1. The fastest way to recovery is to rest and take care of yourself.

Take a break from writing if you need to. Rest. Destress. Recover.

I’ve spent more time resting and guarding my mental health this year than ever before. After the initial hecticness of sorting my dad’s estate, I slept. A lot. I needed it.

2. In dark times, we need joy to keep us afloat

The day before we drove back home for the funeral, I found myself trying to explain a wake to my tween.

TWEEN *incredulous*: You have a party to celebrate someone being dead?!?!?!?

ME: *snort laughing*

Once I stopped laughing, I explained. It’s not about being glad someone is gone – it’s about taking time amid the sadness to remember the good, the funny, and the beautiful. To spend time with the people you love and remember all the people and things you still have in your life. It helps.

We spent an hour recounting happy memories when we should have been in bed. I laughed, I cried, and I felt a bit better afterward.

Appreciating small joys is an important part of getting through hard times. It’s not just a relief from sadness and stress, it’s a way to reorient so you can find the light amidst the darkness.

That’s also why so many of us have taken up pandemic hobbies. Dying our hair blue. Learning an instrument. Rereading your favorite comfort reads.

And why some of us continue to crack (ever darker) jokes. *Gestures at this post*

3. Ease back into writing, with your expectations low and your joy high

From Incidental Comics

Read a book, watch a webinar, write something totally unrelated to your manuscript, buy yourself a bookish coffee mug – any little bit of writing progress is great.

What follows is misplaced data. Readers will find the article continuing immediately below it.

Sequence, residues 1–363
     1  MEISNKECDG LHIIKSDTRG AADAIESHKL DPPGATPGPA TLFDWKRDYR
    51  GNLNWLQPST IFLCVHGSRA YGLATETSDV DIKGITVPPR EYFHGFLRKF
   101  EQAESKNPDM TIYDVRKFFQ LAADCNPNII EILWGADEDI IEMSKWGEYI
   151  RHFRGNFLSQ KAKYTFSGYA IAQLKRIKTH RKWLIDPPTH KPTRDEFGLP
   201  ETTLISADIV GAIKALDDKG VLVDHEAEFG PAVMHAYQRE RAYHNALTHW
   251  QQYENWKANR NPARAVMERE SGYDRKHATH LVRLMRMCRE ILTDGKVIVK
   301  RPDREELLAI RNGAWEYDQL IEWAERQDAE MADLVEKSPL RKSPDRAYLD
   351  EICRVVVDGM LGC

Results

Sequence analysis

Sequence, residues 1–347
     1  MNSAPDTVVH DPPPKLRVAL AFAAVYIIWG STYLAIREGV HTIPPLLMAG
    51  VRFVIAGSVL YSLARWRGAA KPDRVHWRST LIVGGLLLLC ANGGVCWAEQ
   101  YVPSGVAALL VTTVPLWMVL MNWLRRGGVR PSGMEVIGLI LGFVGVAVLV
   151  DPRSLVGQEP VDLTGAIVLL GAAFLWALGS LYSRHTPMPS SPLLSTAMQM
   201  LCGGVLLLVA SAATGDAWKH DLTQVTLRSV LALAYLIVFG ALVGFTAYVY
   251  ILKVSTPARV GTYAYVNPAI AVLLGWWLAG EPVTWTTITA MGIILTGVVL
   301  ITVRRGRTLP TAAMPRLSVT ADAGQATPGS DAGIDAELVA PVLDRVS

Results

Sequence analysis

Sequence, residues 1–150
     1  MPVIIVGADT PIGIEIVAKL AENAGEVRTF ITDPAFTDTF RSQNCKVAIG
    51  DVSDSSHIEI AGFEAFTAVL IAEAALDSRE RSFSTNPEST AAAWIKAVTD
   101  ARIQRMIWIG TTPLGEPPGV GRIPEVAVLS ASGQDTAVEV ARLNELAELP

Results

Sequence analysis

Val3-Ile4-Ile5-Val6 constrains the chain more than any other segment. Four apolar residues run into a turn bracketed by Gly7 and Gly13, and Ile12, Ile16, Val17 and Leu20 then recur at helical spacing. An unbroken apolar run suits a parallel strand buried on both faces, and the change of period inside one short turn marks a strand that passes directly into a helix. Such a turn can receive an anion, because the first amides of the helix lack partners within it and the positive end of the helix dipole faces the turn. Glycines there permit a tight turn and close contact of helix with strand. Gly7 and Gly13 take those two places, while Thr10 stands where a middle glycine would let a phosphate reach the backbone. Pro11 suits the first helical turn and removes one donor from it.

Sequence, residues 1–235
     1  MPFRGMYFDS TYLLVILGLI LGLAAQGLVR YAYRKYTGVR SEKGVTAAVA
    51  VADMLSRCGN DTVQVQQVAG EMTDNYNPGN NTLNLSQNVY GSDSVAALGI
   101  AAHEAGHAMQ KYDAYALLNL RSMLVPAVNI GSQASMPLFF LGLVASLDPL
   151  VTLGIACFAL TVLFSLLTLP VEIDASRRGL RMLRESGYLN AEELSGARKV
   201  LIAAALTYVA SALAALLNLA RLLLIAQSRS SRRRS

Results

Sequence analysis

At some point you’ll have to sit down and just do it. You probably won’t feel like writing. You won’t feel particularly creative, either. Write and the muse will show up.

I’ve managed to keep writing through 2020. Not as much as I would normally write, but more than enough considering the dumpster fire/train wreck/goat rodeo situation.

It helps that writing is a joy for me. It actually helps me get through. I didn’t write this blog post on a Sunday evening because I had to.

There is nothing to writing. All you do is sit down at a typewriter and bleed.

Ernest Hemingway (maybe)

For some, writing is more of a chore. If you’re one of those bleed-on-the-paper writers, it may take a bit longer to get back to it. That’s ok.

Start by finding the ember of joy and fanning it – for many, that means immersing yourself in books you love. Any book you love is a good start. But if you want a writing book, try Keep Going: 10 Ways to Stay Creative in Good Times and Bad by Austin Kleon. I’m not saying it’s the perfect writing book for 2020, but…

How I’m getting through

I’m resting when I need to. I’m thankful I have the work flexibility to take a nap when I’m exhausted. And the dishes will still be there after I finish my book. And I need less rest as time goes on.

I’m laughing when I can (and crying when I need to). I joined TikTok and learned I’m an Elder Millenial (and feel like that title should earn me a staff or at least a wizard’s robe.) I’m reading books just because I love them.

Also, we got a puppy a couple of weeks before August went sideways. Puppies inject a lot of joy into your life. (And chaos. But let’s focus on the joy.)

I have books coming out soon. (Again.) And slowly, I’m writing again. I have to – I have work for hire books to write. (Again.)

Come on, Muse.

3 thoughts on “Writing Through 2020 and Other Hard Times”

  1. Pingback: Writing on a Roller Coaster - Angela M Isaacs